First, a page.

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Monday, March 31, 2008


JUNK MAIL INDUSTRY WHINING AGAIN OVER DO-NOT-MAIL STATE LEGISLATION


Instead of stepping forward with ideas on how to help solve the identity crisis issue—which is due in part to the junk mail industry’s handling of names and personal data—the Direct Marketing Association (DMA) and the businesses it regulates are wailing over the fact that states, fifteen of them, have started to enact their own laws. Industry publication DM News had an article on this recently covering the launching of a “stop junk mail” campaign backed by ForestEthics, with support from Hollywood celebrities like Daryl Hannah and Adrian Grenier. I would urge readers to visit this site and look at their very interesting points about junk mail’s effect on the environment. Fifteen states have introduced eighteen bills that may or may not pass to law. The DMA says it will hurt both the junk mail industry and the U.S. Postal Service. My answer to this is junk mailers could have prevented this by policing themselves years ago, and the USPS will survive without junk mail. I did a post back in October of 2007, DIRECT MARKETING ASSN. (DMA) FIGHTS STATE “DO-NOT-MAIL” LAWS…AND I AGREE,” that I still feel is appropriate. In that I quoted John Greco, DMA president, as saying, “the environmentalists and privacy advocates ‘distort the facts in their efforts to eliminate advertising mail to consumers.’” This from an industry whose best hope is that two out of the one-hundred pieces of junk mail they send out doesn’t end up in the garbage dump. In a later post, "US POSTAL SERVICE SAYS “NO” TO DO-NOT-MAIL REGISTRY,” February of this year, I did a comparison with junk phone calls—which almost everyone hates—and its counterpart in the mailbox which is sometimes welcomed. But to receive it should be at the discretion of each individual recipient. The blanket do-not-mail laws stop all junk mail which is fair neither to the person who wants it nor the businesses who send it. The answer is to give consumers control over their names and private information, and compensate them when it is sold as an incentive to assume this responsibility. Another champion of junk mailers, Gene Del Polito, pres. Of the Assn. for Postal Commerce, says, “Their facts are wrong. A lot of what they argue is based on myth,” but doesn’t explain what he is referring to. He adds, “When you take away all of those arguments because you have been able to disprove them, the only thing you're left with is their complaint that advertising in the mail is annoying.” Exactly what arguments? And even more bizarre, “When the day comes [where] you (you being the consumer) will start paying to receive mail, then I will be willing to concede to you that you have some ability or authority to control what mail you receive.” In other words, it is the opinion from the head of yet another junk mail industry organization—in addition to the DMA—that consumers have no right to choice in what comes into their household. I do not believe the American public agrees with this, but until they let this be known, their names and personal data will be exploited around the world, and many will continue to suffer from identity theft.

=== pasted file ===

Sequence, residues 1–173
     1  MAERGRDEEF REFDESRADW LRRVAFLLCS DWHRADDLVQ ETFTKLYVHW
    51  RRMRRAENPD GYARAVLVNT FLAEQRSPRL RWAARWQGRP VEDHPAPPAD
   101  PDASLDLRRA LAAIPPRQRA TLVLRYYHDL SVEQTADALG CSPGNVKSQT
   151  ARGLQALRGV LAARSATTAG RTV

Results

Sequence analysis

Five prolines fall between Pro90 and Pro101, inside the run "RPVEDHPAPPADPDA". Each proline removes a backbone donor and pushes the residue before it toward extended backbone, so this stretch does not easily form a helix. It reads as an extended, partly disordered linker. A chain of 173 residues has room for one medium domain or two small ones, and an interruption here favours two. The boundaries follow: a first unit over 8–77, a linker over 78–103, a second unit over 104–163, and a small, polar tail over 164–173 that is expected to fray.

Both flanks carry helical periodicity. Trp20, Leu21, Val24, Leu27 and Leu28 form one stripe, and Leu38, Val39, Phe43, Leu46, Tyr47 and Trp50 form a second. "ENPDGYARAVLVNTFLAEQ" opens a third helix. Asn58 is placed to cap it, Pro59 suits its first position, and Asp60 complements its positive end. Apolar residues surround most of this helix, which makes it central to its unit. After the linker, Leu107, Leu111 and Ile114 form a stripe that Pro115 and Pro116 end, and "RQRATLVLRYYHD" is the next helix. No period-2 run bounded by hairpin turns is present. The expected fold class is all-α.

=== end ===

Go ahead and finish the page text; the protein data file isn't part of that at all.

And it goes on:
2 comments:

Tracy Glomski said...

“When the day comes [where] you (you being the consumer) will start paying to receive mail, then I will be willing to concede to you that you have some ability or authority to control what mail you receive.”

I saw that comment, and I wondered what he was smoking. Because we do pay to receive that mail. We pay not only in the subtle (but real) cost of putting our privacy at greater risk, we also directly pay our disposal companies to haul that stuff away, plus taxes to fund our municipal landfills and/or recycling programs. During the peak of the 2007 holiday season, the weekly weight of my junk mail exceeded the weight of all other household trash combined. And I was making an honest effort to prevent that: I was enrolled in three mail preference services (two with blanket opt-outs) at the time. More than two-thirds of catalogs I received were unsolicited—if I’ve never once bought anything from those companies, how exactly am I supposed to stop doing business with them, as Del Polito advises?

Even now during the off-season, I sometimes receive more unwanted paper in one week’s mail than I otherwise use in a whole year. I am including the toilet paper in that estimate. Too bad catalogs aren’t formulated to safely dissolve in septic systems.

I'd love to get off each and every one of these lists. But I think I would have to gain control of my name and personal data, as you suggest, to actually accomplish it.

Jack E. Dunning said...

Thanks for the comment, Tracy. The Del Polito statement is indicative of the arrogance of the junk mail industry's pet theory that they own our names and personal data, and the consumer can take it or leave it. Until the average person realizes that junk mailers, in keeping with the above philosophy, extend this "ownership" belief to the point that they are convinced that they can do anything with our sensitive data they want to. And this sometime reckless action, unfortunately, can end up causing identity theft. By the way, the link "these lists" in your comment illustrates a number of data brokers, each of which maintains files of sensitive data on millions of consumers.

Keep up the good work, Tracy, you are a true Patriot of Privacy.

Jack E. Dunning
The Dunning Letter